For around two decades, Clint Emerson secretly traveled the world on U.S. Navy SEAL business. He was a “violent nomad” who not only survived behind enemy lines but also thrived. Now that he is retired, though, he has a new mission: to pass on all of his survival skills – and much more besides – to the general public. And if you want to know how to prevent yourself from drowning, you’re in luck, as Emerson has revealed just how to do it.
Emerson’s earlier life, however, was a little less eventful than his adulthood, even if he did spend much of his childhood in Saudi Arabia. He was there because his father was an oil industry engineer, and it’s not an experience that he remembers fondly. “Westerners are not exactly treated the best in Saudi Arabia, and as a child I didn’t care much for the people or the culture,” he elaborated to Texas Monthly magazine in 2015.
Emerson was educated at Plano Senior High, in the city at Dallas’ northern perimeter. He ended up joining the U.S. Navy in 1994 after finishing high school, going on to become part of the elite SEALs. SEAL stands for sea, air and land, and the unit’s personnel are drilled to be able to thrive in all of those surroundings.
Yet joining the U.S. Navy SEALs is notoriously difficult. Indeed, recruits have to pass a punishing set of fitness tests just to be accepted onto the training program. They are required to swim 500 yards in 12 minutes and 30 seconds, for example, as well as to run 1.5 miles in ten minutes and 30 seconds. Furthermore, they should be able to do 50 push-ups, 50 sit-ups and ten pull-ups within two minutes for each set.
If an aspiring recruit is strong enough to pass the SEAL training test, though, then things start to get really tough. After a 16-week preparatory course, they’ll quickly move on to the 24-week Basic Underwater Demolition/SEAL training. And even if they pass that with flying colors, there’s still a five-week parachuting course, followed by 26 grueling weeks of SEAL Qualification Training, to complete.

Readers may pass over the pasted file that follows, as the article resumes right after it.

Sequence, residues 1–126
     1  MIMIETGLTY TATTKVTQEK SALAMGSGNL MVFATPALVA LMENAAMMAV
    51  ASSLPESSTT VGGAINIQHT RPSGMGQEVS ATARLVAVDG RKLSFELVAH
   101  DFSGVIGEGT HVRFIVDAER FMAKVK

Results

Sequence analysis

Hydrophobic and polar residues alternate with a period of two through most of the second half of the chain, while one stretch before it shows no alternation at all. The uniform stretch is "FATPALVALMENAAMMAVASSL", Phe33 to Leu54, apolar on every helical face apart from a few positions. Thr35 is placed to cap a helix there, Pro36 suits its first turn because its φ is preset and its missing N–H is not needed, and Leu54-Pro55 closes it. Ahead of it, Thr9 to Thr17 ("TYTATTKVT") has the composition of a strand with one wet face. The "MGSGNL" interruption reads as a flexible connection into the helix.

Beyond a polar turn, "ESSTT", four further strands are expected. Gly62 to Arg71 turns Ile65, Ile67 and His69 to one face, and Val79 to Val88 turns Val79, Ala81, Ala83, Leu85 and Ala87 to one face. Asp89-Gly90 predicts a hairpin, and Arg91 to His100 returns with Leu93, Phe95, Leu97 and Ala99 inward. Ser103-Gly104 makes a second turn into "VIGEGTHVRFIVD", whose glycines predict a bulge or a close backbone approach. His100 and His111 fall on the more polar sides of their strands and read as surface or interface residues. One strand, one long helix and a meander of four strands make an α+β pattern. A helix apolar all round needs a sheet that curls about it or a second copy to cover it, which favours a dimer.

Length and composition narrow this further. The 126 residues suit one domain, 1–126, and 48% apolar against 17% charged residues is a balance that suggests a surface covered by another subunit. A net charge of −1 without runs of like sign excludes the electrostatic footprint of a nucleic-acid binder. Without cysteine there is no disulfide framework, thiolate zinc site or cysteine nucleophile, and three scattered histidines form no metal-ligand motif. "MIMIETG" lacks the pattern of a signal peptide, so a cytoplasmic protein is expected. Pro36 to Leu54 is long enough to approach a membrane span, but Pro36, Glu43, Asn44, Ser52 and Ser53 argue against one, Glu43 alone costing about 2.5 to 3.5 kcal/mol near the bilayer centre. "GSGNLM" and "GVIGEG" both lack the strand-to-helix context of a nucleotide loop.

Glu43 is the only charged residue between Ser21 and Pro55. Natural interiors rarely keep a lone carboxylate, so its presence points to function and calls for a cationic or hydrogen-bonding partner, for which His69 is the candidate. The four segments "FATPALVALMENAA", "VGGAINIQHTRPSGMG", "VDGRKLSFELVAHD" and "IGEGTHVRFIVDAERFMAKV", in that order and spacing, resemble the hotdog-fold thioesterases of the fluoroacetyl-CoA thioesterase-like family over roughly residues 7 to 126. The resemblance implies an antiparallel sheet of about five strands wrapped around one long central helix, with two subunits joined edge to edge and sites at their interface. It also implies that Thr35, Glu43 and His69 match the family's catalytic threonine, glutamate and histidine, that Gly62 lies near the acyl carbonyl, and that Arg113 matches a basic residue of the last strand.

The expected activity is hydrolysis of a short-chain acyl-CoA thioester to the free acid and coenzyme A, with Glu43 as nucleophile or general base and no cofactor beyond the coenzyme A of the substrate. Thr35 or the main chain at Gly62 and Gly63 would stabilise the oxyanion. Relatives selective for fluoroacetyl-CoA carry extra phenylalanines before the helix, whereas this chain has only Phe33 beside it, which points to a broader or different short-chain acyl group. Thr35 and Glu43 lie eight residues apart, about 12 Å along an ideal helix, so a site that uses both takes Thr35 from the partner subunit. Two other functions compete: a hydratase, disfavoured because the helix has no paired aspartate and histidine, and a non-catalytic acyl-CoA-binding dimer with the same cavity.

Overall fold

What’s more, this rigorous 71-week program includes the notorious Hell Week. Trainees are put through five days of stamina-sapping activity with just four hours of rest each night. Unsurprisingly, then, the dropout rate from training is very high. Only ten percent of trainees make it through some of the more advanced courses, in fact.
It’s worth taking a closer look at this thing called the Hell Week, a central part of the BUDS experience. BUDS is the acronym for Basic Underwater Demolition/SEAL School. One former Navy SEAL, Stew Smith, wrote about his own personal experience of Hell Week on the Miltary.com website. Smith went through Hell Week back in October 1991 and believes that it’s just as tough now as it was nearly 30 years ago.
Recalling his time on the BUDS course before he faced the ultimate challenge of Hell Week, Smith pointed out that his class started with 180 men. As Hell Week approached, that had already been whittled down to 90, a fall-out rate of 50 percent. Smith explained what was behind this high number of quitters.
The ex-SEAL wrote, “People left every day for a variety of reasons. Too cold, too much stress, too many push-ups, too much running, too much water skills – pretty much BUDS will give you TOO MUCH of everything.” And he described how he and his remaining buddies worked their very hardest so as to be ready for the dreaded week, partly by continually competing with each other.
Hell Week for Smith started on a Sunday evening with a vigorous 30-minute work-out on the grinder, a paved exercise area near the ocean at the Coronado Naval Amphibious Base in California. After that muscle-straining warm-up, the men then crawled the 600 feet or so to the ocean’s edge. Most of the distance was across hard concrete.
By the time Smith and his buddies had reached the shore, it was dark and now they spent several hours, arms interlocked, lying in the cold surf. They kept their spirits up with songs. It was cold in the sea, and already some SEAL candidates were quitting, just hours into Hell Week. Smith recalled that the trainees were never dry through the entire seven days.
Eventually, Smith and the other remaining would-be SEALs were allowed out of the water. Smith recalled that what kept the men going was the prospect of the next meal time. Those came round about once every six hours. Once out of the water, next up was log physical training. Working together, the trainees dragged heavy tree trunks across the beach.